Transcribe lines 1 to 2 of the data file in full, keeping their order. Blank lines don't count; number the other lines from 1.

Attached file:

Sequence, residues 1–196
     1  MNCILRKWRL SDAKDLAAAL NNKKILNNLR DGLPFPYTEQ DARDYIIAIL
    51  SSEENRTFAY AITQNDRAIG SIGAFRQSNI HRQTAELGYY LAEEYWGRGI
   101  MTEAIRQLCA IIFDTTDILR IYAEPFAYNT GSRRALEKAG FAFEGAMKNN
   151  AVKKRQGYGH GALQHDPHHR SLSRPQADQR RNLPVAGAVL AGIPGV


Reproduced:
Sequence, residues 1–196
     1  MNCILRKWRL SDAKDLAAAL NNKKILNNLR DGLPFPYTEQ DARDYIIAIL